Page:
What Tax Deductions Can Be Taken on a Second Home?

Second homes don't get short shrift deduction-wise compared with primary ones.
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Your second home may be your personal sanctuary and home away from your primary residence. Or it may be an investment property that you use solely as a rental. Sometimes, it's in-between these two, a mixture of pleasure-abode and income-generator. As far as the IRS sees it, you've got to figure out where you are in this spectrum if you want to claim all the deductions you can.

The Nonprimary Residence

The IRS treats your second home much like your primary home for tax purposes -- provided you meet use criteria. Real estate taxes paid on your second home are generally deductible, as they are on your primary home. Deductible taxes include those on the state, local and foreign levels. Mortgage interest is deductible for the second home, provided that the combined limit for both primary and secondary home is no more than $1 million for acquisition indebtedness and $100,000 for home equity indebtedness, as of 2015.

Personal-Use Second Homes

If you use your second home for personal enjoyment, you can deduct mortgage interest and real estate taxes on Schedule A. As long as you do not rent the second home for more than 14 days, you do not have to pay taxes on the rental income. As a personal-use home, your second home may qualify for deductions on uninsured casualty losses, but you won't be able to deduct rental-related expenses.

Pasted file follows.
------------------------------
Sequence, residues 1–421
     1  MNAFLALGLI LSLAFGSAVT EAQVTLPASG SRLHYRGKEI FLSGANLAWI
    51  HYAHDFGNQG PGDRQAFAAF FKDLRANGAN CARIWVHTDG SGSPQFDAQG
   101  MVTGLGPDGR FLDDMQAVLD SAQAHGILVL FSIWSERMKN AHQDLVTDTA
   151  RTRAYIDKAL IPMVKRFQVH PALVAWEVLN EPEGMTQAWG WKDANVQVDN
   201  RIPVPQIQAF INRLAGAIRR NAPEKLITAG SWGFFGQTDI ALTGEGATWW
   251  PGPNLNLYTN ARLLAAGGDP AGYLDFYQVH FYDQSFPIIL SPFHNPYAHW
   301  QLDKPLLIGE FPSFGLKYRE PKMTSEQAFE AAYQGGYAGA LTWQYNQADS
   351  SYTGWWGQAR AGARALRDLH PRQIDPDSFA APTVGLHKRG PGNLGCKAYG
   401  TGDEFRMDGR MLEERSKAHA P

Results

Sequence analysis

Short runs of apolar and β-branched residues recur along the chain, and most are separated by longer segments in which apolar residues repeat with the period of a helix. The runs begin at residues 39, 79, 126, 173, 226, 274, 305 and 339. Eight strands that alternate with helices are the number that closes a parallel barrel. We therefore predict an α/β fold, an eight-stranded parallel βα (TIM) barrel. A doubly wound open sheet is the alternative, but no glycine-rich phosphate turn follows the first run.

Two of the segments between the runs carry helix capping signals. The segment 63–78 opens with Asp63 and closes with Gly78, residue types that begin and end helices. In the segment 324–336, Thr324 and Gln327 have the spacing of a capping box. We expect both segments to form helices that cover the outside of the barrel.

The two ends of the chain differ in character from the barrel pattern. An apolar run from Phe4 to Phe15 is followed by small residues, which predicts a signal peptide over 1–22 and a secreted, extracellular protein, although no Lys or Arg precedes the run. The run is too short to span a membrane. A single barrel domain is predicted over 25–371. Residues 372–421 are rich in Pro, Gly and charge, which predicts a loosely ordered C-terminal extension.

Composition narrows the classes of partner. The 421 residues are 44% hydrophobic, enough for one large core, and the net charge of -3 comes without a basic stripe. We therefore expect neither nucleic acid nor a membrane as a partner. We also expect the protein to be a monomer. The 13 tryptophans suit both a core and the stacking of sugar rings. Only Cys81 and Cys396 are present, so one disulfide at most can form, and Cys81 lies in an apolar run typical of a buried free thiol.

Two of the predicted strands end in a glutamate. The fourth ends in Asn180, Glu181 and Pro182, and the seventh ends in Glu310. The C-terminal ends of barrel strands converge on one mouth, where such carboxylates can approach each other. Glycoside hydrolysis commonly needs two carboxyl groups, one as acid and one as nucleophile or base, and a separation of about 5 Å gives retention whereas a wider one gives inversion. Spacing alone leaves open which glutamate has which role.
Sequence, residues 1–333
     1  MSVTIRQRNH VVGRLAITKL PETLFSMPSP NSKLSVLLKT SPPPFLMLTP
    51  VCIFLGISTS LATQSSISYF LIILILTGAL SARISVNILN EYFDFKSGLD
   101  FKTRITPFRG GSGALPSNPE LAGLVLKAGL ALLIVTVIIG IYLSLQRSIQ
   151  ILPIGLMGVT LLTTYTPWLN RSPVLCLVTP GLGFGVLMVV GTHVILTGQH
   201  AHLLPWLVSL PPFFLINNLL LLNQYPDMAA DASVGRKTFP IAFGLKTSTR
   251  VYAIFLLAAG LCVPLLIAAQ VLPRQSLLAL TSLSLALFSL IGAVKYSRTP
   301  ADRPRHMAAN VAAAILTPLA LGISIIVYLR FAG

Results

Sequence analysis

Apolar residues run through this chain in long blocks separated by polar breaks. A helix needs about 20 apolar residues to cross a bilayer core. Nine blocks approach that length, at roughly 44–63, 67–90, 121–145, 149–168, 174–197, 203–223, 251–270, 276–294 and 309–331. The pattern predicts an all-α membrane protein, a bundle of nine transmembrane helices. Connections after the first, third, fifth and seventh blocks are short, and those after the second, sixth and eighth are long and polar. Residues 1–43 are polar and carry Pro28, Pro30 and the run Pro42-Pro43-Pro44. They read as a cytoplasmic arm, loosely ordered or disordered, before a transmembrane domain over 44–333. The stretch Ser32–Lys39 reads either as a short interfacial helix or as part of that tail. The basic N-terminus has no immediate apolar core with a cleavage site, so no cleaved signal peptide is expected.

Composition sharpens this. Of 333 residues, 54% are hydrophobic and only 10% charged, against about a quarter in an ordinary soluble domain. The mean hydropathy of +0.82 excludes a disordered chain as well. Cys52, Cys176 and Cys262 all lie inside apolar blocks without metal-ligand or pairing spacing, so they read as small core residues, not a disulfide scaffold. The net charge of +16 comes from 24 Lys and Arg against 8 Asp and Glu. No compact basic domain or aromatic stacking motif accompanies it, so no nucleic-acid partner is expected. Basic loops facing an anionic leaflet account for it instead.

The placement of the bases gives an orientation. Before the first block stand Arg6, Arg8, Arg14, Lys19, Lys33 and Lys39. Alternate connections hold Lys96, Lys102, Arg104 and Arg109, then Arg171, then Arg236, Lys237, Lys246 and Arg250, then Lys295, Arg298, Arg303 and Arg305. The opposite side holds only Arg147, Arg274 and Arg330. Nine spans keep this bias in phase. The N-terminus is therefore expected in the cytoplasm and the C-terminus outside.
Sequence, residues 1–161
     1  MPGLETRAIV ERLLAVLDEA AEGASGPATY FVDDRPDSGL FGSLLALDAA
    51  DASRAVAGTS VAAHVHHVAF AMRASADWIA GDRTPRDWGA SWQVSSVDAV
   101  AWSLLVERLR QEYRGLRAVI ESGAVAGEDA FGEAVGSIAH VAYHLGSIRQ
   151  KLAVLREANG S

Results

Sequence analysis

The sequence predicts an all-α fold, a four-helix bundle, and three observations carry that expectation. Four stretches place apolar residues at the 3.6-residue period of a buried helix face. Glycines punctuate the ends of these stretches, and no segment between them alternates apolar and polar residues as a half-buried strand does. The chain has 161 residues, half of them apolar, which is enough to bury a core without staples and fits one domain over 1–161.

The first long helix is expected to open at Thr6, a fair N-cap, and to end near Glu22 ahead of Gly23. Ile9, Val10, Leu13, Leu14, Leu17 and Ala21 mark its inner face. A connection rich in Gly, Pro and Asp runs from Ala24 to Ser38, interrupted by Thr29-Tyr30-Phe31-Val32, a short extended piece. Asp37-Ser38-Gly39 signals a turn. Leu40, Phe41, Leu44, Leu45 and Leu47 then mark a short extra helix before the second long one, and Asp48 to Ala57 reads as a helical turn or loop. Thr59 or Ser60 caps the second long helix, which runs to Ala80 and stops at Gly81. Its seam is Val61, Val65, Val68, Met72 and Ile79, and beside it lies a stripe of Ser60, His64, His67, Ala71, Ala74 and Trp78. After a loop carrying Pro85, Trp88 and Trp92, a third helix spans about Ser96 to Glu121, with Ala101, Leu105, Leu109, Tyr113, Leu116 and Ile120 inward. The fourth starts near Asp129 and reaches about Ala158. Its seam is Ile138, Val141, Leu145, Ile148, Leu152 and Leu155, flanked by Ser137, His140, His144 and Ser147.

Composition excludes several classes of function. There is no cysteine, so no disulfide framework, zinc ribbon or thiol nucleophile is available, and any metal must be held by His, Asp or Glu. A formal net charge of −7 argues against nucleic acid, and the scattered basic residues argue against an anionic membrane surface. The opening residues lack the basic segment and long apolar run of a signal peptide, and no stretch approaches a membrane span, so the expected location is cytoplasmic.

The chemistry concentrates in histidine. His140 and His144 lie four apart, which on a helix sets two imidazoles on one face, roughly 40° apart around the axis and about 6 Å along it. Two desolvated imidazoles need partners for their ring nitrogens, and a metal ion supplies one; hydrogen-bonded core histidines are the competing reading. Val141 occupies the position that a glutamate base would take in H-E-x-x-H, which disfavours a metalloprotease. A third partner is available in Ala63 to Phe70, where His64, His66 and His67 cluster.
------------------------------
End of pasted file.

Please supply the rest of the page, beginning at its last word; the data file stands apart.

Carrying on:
Second Homes as Rental Homes

If your second home is a residential rental property, it is essentially a business and the IRS treats it completely differently from a personal-use home. You'll be able to deduct more than just mortgage interest and property taxes: add to that depreciation, utilities, linens and repairs. As long as your personal use is limited to 14 days maximum or 10 percent of total days rented, you can deduct up to $25,000 in rental losses -- or the difference between rental expenses and rental income -- provided your adjusted gross income is less than $100,000, as of 2015. You must also be actively engaged as a landlord.

Mixed-Use Second Homes

You might use your second home for personal reasons but rent out the home for more than 14 days. To maximize deductions, notes home improvement website House Logic, you should limit your personal use of the second home to fewer than 15 days or 10 percent of the total rental days, whichever is greater. Once you exceed these limits, your deductions will be limited proportionally to the time spent for personal use versus renting.